We won’t argue with you: The Rolling Stones made their best music in the ’60s and ’70s.
After 1978’s Some Girls, they released only one more classic album, 1981’s ‘Tattoo You.’ But that doesn’t mean that the band’s output since then has been a total waste. There have been some good albums during the period (like 1989’s Steel Wheels) and some pretty good songs (1983’s “Undercover of the Night”).
So put aside “Jumpin’ Jack Flash,” “Gimme Shelter” and “Miss You” for now, and take a look at the below list of the Top 10 Post-Some Girls Rolling Stones Songs.
10. “Highwire” (From Flashpoint, 1991)
One of two new studio songs attached to 1991’s Steel Wheels tour souvenir Flashpoint, “Highwire” is one of the few overtly political songs in the Rolling Stones’ extensive catalog. Written after the fallout of the Persian Gulf War, the song mentions missiles, tanks and greed. In a way, it picks up where “Gimme Shelter” left off more than two decades earlier.
9. “Anybody Seen My Baby” (From Bridges to Babylon, 1997)
The first single from 1997’s Bridges to Babylon is also the only memorable song on the LP, and part of that has to do with its melodic similarities to k.d. lang’s hit “Constant Craving” (she and songwriting partner Ben Mink were given a co-credit). The Biz Markie sample included in “Anybody Seen My Baby” marks the only Stones song to feature an outside influence like that.
8. “Worried About You” (From Tattoo You, 1981)
“Worried About You” was first tracked in late 1974 and early 1975 but didn’t end up on a Stones album until Tattoo You in 1981. Had it ended up on Black and Blue like intended, it would have been a highlight of that otherwise lackluster LP. The Stones had even performed the song during their fabled 1977 appearance at Toronto’s El Mocambo club.
7. “One Hit (To the Body)” (From Dirty Work, 1986)
Dirty Work is one of the band’s laziest and most boring albums. But the fierce “One Hit (To the Body)” sounds like classic-era Stones, with guitars churning alongside one of Mick Jagger‘s best post-Some Girls vocal performances. Bonus points: That’s Jimmy Page playing the soaring guitar solo that shows up midway through the song.
6. “Doom and Gloom” (From GRRR!, 2012)
If you already own the 537 other greatest-hits compilations the Stones have released over the past 50 years, you probably don’t need 2012’s GRRR!, which spans their entire career … unless you want the two new songs. “Doom and Gloom” is the keeper, a riff-powered rocker that sounds like the post-Some Girls era condensed into four solid minutes.
5. “Mixed Emotions” (From Steel Wheels, 1989)
Depending on your perspective, the Stones were either coasting or had a pretty rough time in the mid-’80s. But by the end of the decade, they were firing back with their best album since Tattoo You. ”Mixed Emotions,” Steel Wheels‘ first single, sounds like classic Stones: all piercing guitar riffs on top of a flashy backbeat.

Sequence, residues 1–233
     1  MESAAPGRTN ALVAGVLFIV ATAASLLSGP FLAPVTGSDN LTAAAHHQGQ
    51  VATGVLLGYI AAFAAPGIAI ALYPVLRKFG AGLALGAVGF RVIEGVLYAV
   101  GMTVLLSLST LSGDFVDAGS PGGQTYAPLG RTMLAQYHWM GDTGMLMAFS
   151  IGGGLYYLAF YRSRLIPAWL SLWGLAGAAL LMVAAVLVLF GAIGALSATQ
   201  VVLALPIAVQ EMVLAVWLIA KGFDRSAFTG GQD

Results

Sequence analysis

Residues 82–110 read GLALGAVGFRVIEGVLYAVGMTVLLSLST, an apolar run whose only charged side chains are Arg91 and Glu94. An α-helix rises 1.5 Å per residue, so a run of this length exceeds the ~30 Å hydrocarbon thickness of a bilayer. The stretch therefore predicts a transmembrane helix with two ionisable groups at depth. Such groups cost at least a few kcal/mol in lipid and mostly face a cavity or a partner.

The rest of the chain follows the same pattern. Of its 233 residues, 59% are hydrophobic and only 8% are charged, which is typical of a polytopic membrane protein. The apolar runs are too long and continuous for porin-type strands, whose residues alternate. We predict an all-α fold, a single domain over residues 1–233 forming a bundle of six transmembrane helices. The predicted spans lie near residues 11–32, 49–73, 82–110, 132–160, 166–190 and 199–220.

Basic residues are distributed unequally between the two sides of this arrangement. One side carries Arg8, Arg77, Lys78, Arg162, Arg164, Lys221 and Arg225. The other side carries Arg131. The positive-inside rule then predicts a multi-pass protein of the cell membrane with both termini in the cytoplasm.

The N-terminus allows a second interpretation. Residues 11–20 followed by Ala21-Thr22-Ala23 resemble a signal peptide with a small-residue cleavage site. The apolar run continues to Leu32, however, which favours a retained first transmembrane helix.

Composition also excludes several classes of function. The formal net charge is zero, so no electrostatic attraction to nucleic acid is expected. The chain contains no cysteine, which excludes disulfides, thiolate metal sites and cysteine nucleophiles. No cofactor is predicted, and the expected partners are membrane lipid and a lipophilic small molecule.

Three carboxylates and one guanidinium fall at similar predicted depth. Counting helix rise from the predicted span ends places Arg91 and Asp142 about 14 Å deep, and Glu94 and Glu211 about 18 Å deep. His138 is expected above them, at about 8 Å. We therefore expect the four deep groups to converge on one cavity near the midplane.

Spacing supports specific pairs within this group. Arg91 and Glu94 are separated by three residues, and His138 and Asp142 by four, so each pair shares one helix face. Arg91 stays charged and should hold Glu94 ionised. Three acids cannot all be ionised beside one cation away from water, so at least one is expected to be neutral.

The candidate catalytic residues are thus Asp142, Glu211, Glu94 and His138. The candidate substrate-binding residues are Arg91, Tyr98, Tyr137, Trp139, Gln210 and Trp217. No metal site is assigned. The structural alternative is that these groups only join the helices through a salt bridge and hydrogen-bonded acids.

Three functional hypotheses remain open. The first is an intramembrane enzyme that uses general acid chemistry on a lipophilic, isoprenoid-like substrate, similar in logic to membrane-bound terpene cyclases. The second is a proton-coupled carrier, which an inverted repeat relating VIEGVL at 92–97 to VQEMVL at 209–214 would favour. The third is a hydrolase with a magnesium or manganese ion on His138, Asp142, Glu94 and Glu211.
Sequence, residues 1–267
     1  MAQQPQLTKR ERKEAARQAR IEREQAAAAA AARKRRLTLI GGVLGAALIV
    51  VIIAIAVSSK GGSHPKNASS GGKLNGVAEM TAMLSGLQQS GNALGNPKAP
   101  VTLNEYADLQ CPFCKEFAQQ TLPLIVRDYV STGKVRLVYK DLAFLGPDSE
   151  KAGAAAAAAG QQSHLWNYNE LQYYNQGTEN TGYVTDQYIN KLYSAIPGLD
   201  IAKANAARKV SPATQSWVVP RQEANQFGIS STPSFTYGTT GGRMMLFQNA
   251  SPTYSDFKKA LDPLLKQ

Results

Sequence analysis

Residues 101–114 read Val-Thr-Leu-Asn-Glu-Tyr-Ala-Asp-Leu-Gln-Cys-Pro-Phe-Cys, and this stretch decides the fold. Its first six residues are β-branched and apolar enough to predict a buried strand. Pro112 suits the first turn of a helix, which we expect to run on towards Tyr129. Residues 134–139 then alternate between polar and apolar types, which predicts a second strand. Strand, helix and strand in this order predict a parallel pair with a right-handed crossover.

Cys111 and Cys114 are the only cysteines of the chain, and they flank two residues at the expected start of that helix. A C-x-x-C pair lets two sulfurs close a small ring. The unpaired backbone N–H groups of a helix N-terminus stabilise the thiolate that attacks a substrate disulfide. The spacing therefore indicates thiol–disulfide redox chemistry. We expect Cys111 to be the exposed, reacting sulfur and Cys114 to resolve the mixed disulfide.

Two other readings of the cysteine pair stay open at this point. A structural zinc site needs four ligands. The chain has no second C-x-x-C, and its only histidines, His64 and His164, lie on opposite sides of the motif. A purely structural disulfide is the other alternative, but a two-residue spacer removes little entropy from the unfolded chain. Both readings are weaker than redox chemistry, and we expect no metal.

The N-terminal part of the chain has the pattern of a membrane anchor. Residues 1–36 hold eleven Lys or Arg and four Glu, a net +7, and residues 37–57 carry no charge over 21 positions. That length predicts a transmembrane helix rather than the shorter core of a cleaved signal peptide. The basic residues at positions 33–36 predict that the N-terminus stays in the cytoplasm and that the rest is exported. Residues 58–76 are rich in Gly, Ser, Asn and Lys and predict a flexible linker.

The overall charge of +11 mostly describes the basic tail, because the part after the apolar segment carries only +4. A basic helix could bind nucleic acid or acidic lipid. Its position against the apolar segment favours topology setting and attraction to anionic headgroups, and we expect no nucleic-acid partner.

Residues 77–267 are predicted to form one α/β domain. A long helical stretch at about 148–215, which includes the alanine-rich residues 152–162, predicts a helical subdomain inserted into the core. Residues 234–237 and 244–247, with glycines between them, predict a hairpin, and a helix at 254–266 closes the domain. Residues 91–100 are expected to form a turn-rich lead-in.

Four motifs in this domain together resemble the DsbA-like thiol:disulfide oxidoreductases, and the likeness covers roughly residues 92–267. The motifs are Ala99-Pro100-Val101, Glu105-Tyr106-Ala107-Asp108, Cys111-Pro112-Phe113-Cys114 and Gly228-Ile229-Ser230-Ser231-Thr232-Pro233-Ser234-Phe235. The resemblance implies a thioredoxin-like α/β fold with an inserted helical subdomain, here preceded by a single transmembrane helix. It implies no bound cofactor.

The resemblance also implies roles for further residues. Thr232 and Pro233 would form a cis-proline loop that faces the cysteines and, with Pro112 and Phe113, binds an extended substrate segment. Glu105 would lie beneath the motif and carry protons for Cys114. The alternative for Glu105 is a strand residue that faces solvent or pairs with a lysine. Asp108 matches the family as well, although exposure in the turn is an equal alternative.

4. “Undercover of the Night” (From Undercover, 1983)
After 1981’s back-to-basics Tattoo You (which included some leftover ’70s material), the Stones started getting restless again on 1983’s Undercover, incorporating street beats, harder music and even some super-political lyrics. It doesn’t always work, but the album’s opening song, and sorta title track, is killer, with rapid-fire percussion blasts cutting through the screaming guitars.
3. “Emotional Rescue” (From Emotional Rescue, 1980)
The Stones’ most blatantly disco number supposedly caused a rift between Mick Jagger, who liked the music, and Keith Richards, who didn’t. Either way, it’s one of the band’s best post-Some Girls singles, a honking, blaring and sweaty dance track featuring one of Jagger’s most playful vocals (he was trying to sound like Marvin Gaye).
2. “Waiting on a Friend” (From Tattoo You, 1981)
The elegiac ”Waiting on a Friend” closes the terrific Tattoo You in style, complete with a sky-high sax solo by Sonny Rollins. The song was started by Mick Taylor during the Goats Head Soup era, which accounts for its laid-back haunting undertone. But it’s a perfect ending to the last perfect album the Stones made.
1. “Start Me Up” (From Tattoo You, 1981)
“Start Me Up” is one of the Stones’ all-time classic tracks, so it’s no surprise that it’s topped our list of the Top 10 Post-Some Girls Rolling Stones Songs. The cut also features one of the band’s all-time greatest opening guitar riffs, which in turn kicks off and fuels their last classic album. Like many of the songs on Tattoo You, ”Start Me Up” was started in the ’70s, during the Black and Blue sessions. But it falls together so seamlessly with the rest of Tattoo You that it beats anything on Black and Blue … and everything else they did after Some Girls.
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